Major Horizon 2020 project “NUCLEUS” investigates governance and cultures in scientific institutions to foster the science-society dialogue / 24 project partners from Europe, Asia and Africa
How should science respond to the needs of the people? How could a socially robust and responsible communication foster a genuine dialogue between, let’s say a university and its stakeholders—whether politicians and entrepreneurs, artists and journalists, or citizens at large? How should scientific institutions deal with their new responsibilities in science communication in the face of the decreasing significance of legacy media and its role as branch within a system of checks and balances?
Questions and challenges like these will be tackled by an international consortium of 24 partners in the course of an EU-funded four-year project, coordinated by Rhine-Waal University of Applied Sciences in Cleves, Germany.
The project, which is budgeted with 4 million Euros, is called “NUCLEUS”, an acronym for a “New Understanding of Communication, Learning and Engagement in Universities and Scientific Institutions”. It is expected to start in September 2015.
“Our consortium is aware of how ambitious this project is”, says project leader Professor Alexander Gerber from Rhine-Waal, Germany. “It aims at nothing less than rethinking the very foundations of communication governance in institutionalised science.” The main goal, according to Prof. Gerber, is to find ways to align the communication structures and processes in science on the one hand with the expectations of policy-makers and civil society in the context of “Responsible Research and Innovation” (RRI) on the other. Thereby the rather complex paradigm of “RRI” is also expected to become more accessible to practicing scientists and to the general public.
NUCLEUS describes the scientific institutions as biological ‘cells’, in which the “Nucleus” represents the governance or the leading entity. In order to survive in a dynamic environment, these ‘Nuclei’ need to be appropriately interlinked with other cells around them, such as media, economy, public engagement, and policy. By investigating the links between these ‘cells’ and the obstacles which may hinder a proper upstream engagement in science, the project is expected to result in a widely-applicable ‘DNA’ for RRI, including 30 ‘test beds’ across Europe and a list of practical guidelines for higher education institutions and science-funding agencies. This ‘DNA’ will then form the basis of a living network to ensure the sustainability of the approach beyond the project timeline as well.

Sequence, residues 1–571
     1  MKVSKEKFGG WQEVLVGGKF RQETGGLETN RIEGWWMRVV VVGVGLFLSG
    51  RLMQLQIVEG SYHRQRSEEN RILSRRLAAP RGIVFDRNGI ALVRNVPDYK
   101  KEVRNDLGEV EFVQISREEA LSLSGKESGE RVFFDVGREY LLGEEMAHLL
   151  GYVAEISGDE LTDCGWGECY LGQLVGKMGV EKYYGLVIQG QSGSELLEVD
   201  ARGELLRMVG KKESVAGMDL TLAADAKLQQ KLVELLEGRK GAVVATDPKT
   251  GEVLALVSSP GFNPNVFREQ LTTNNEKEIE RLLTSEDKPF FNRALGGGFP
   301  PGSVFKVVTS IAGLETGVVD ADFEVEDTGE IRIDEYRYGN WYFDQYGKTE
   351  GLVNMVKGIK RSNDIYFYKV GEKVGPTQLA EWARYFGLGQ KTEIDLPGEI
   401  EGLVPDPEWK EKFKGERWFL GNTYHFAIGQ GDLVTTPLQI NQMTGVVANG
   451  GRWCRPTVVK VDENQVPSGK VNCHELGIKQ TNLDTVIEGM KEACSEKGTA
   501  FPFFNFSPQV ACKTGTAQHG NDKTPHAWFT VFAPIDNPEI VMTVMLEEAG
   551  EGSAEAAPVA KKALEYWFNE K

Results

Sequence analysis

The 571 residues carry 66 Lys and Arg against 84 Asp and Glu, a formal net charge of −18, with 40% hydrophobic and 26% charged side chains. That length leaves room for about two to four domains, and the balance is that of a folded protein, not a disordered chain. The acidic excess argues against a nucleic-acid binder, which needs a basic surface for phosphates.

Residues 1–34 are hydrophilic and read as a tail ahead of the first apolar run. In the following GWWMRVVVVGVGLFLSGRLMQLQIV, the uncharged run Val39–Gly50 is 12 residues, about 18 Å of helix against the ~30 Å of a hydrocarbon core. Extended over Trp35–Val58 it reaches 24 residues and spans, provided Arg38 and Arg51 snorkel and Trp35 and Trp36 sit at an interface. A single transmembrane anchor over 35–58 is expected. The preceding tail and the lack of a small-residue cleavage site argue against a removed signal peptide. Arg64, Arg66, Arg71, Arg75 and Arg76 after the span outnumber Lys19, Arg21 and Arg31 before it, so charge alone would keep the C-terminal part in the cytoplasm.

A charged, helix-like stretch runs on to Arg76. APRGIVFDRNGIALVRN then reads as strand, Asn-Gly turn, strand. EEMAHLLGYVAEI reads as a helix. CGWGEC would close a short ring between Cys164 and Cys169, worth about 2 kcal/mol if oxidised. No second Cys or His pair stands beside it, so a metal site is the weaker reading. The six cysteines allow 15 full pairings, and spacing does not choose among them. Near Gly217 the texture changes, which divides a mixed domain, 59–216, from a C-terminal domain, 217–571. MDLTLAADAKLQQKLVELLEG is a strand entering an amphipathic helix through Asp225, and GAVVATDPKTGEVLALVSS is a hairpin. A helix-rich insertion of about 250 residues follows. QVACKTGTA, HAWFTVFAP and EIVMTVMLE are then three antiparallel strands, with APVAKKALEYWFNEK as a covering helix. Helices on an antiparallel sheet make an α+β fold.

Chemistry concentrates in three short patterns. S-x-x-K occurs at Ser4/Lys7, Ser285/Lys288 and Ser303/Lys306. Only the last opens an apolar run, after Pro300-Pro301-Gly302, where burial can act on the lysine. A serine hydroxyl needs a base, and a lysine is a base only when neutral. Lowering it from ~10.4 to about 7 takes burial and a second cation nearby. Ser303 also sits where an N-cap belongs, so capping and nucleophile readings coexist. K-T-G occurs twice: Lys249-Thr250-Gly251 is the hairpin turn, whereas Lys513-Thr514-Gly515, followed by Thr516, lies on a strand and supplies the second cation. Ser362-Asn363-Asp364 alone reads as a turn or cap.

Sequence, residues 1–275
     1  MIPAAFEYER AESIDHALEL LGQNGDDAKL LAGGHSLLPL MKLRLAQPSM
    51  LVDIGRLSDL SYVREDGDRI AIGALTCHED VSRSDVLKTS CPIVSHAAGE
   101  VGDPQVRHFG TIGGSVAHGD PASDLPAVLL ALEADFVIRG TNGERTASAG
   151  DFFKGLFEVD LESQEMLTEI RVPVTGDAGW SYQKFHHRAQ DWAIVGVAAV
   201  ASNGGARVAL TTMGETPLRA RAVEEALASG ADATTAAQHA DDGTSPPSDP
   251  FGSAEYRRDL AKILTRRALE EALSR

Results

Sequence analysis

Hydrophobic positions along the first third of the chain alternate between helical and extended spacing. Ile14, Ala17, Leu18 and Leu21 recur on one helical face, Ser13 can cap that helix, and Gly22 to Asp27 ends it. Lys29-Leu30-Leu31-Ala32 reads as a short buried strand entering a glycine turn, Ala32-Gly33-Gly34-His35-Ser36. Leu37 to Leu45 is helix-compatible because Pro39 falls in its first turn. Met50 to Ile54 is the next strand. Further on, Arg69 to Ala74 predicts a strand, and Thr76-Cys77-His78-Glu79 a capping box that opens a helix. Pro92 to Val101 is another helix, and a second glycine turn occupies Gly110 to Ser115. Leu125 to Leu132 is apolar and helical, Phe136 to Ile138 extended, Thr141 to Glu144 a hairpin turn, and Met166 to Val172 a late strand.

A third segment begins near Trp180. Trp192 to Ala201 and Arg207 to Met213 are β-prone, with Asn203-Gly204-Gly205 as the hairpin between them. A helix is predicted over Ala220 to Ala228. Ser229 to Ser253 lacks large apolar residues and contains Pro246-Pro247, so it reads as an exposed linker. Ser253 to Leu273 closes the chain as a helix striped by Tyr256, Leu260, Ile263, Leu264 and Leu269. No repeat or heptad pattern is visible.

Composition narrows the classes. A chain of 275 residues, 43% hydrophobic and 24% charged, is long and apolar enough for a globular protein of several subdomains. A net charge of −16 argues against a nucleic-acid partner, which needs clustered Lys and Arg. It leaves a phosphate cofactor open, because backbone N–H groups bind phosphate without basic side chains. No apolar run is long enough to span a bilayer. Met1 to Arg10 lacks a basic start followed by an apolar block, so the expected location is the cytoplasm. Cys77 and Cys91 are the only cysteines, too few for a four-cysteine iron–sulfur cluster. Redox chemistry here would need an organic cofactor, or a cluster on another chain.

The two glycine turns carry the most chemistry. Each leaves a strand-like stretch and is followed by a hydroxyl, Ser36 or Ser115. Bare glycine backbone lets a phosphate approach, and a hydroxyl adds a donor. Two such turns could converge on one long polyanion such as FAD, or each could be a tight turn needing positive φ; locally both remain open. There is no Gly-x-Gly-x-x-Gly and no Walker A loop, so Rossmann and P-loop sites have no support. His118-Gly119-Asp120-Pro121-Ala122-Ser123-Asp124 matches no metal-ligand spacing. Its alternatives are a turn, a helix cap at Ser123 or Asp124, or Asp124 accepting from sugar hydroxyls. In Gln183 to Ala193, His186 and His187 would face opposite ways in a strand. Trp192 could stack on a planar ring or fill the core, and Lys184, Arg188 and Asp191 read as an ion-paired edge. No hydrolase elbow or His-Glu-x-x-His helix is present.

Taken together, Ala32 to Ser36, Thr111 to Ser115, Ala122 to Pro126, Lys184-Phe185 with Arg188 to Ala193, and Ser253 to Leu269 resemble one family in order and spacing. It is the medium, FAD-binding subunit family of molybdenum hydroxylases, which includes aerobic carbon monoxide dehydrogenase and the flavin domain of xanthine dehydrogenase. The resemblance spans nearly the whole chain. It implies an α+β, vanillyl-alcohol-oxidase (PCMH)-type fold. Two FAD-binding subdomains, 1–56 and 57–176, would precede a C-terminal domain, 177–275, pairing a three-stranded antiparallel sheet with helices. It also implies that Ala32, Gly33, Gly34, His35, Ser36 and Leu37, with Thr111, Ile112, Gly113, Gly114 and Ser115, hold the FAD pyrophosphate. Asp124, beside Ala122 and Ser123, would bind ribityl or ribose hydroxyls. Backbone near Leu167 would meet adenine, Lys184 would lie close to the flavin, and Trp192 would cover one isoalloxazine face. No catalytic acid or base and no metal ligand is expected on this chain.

NUCLEUS is expected to contribute to the debate on science policy both on national and European levels, including the future design of Horizon 2020 and the European Research Area.
Further information can be found from September onwards under www.nucleus-project.eu
The project coordinator, Rhine-Waal University of Applied Sciences, is one of Europe’s youngest universities and has been explicitly designed to be interdisciplinary and international. It runs Europe’s only full-fledged Bachelor’s degree in science communication.
This project has received funding from the European Union’s Horizon 2020 research and innovation programme under grant agreement No 664932.
The NUCLEUS consortium comprises the following partners:
• Beijing Association for Science and Technology, BAST, China
• European Union of Science Journalists' Association, EUSJA, Finland
• European Science Events Association, EUSEA, Sweden